Coyotes Kings

Western Conference finals at a glance: Phoenix-Los Angeles playoff preview



All times Eastern; *if necessary

Game 1: Sunday, May 13 at Phoenix, 8 p.m. (NBCSN)
Game 2: Tuesday, May 15 at Phoenix, 9 p.m. (NBCSN)
Game 3: Thursday, May 17 at Los Angeles, 9 p.m. (NBCSN)
Game 4: Sunday, May 20 at Los Angeles, 3 p.m. (NBCSN, CBC)
Game 5: *Tuesday, May 22 at Phoenix, 9 p.m. (NBCSN, CBC)
Game 6: *Thursday, May 24 at Los Angeles, 9 p.m. (NBCSN, CBC)
Game 7: *Saturday, May 26 at Phoenix, 8 p.m. (TBD, CBC)

Three storylines to follow

1. The goaltending. Early punditry figures this series will be decided in net, where Jonathan Quick and Mike Smith have been their teams’ MVPs thus far (and two of the leading Conn Smythe candidates as well.) Being Pacific Division rivals, the two have faced off numerous times this season, reflected in their statistics:

Quick vs. Phoenix: 3-1-2, 9.32 save percentage, 1.79 GAA, two shutouts

Smith vs. L.A.: 3-1-1, .938 save percentage, 1.76 GAA, one shutout.

2. The rivalry. A full season of scrapping in the airtight Pacific resulted in these two disliking each other a great deal. Most of the malice stems from a Feb. 16 game in Los Angeles that featured the following chain of events:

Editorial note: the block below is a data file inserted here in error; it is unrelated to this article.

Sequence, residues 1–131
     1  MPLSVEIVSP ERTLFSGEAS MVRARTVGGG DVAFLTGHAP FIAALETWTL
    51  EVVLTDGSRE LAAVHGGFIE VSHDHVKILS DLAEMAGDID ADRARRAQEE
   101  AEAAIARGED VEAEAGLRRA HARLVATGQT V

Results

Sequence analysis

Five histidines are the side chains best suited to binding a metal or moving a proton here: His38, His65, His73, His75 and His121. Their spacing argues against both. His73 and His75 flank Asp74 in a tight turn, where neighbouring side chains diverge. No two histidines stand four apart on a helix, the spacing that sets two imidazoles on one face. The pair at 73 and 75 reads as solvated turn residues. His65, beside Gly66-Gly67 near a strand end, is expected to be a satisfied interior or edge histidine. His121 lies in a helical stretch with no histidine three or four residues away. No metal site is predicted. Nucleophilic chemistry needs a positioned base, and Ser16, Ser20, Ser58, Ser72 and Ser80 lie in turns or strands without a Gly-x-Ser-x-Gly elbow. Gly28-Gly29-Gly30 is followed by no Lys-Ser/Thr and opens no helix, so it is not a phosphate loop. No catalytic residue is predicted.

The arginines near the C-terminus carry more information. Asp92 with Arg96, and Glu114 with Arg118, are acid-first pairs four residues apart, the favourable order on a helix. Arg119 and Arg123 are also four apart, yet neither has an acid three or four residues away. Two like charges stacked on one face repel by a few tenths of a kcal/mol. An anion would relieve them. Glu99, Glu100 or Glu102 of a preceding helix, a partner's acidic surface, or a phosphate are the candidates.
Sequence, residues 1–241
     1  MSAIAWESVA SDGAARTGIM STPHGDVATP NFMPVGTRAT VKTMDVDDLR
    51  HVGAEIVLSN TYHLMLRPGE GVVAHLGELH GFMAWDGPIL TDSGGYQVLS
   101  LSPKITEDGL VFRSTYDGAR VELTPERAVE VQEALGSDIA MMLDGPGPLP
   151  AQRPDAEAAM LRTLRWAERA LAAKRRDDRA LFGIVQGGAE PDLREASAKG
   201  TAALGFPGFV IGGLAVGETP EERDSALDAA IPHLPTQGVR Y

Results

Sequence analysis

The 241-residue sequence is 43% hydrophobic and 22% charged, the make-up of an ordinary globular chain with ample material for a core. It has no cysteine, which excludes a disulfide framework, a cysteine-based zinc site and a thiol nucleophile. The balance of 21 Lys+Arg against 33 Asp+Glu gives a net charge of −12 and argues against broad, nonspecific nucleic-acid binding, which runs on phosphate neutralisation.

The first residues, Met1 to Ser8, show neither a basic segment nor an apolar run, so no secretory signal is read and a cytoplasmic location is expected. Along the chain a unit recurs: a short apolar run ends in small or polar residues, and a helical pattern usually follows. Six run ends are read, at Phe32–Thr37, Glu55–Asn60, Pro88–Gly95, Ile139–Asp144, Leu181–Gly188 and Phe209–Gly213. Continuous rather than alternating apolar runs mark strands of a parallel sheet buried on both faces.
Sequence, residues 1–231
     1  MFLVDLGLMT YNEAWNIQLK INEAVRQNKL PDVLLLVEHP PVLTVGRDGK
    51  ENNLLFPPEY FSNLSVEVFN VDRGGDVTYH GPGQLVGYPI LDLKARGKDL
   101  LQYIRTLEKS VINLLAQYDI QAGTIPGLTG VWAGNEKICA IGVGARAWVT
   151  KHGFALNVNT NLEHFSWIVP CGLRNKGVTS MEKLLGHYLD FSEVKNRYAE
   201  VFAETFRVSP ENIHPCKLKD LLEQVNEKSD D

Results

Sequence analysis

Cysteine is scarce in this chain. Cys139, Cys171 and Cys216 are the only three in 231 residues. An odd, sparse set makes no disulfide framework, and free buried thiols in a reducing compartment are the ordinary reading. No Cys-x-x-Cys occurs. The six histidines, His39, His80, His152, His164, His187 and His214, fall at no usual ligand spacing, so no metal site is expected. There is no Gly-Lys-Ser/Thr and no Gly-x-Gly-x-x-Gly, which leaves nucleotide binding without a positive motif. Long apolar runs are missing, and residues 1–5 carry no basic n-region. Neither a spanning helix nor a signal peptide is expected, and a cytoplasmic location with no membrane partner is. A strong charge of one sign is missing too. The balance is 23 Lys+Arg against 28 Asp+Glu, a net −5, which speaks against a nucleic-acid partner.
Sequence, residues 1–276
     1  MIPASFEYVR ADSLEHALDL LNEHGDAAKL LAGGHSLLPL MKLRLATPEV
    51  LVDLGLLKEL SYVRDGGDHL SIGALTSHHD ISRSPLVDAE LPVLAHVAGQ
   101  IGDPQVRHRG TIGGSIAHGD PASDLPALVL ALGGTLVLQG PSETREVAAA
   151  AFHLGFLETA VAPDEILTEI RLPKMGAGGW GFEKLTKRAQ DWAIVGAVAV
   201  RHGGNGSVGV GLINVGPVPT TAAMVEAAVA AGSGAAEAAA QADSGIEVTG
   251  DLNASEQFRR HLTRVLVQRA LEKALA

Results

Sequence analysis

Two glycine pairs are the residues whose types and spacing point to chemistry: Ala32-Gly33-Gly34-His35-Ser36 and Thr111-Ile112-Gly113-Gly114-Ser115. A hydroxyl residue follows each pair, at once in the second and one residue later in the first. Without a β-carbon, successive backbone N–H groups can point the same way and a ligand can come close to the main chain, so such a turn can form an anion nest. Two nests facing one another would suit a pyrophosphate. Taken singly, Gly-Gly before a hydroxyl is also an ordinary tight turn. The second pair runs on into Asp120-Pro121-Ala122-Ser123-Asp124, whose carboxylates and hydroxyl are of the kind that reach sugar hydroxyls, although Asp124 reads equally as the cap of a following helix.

Dustin Brown taking out Rostislav Klesla with a high hit (Klesla missed 10 games as a result.)

Shane Doan fighting Brown.

Martin Hanzal fighting Mike Richards.

Raffi Torres fighting Colin Fraser.

Paul Bissonnette fighting Kevin Westgarth.

Two weeks later — in the sixth and final regular season tilt — Kings forward Kyle Clifford was given five and a game for a headshot on Phoenix’s Gilbert Brule.

3. The travel. “I think it’s pretty obvious that Phoenix would definitely be the better team from a travel standpoint,” Kings captain Dustin Brown said prior to the Coyotes’ defeating Nashville. “Being an hour flight or less there and back — that’s the only obvious advantage to Phoenix.”

While last year’s Western Conference final between Vancouver and San Jose was a booking agent’s dream — the two cities are a two-hour flight apart and share a time zone — it hasn’t always been that way:

2010: Chicago and San Jose (1835 miles apart)
2008: Detroit and Dallas (998 miles apart)
2007: Anaheim and Detroit (1968 miles apart)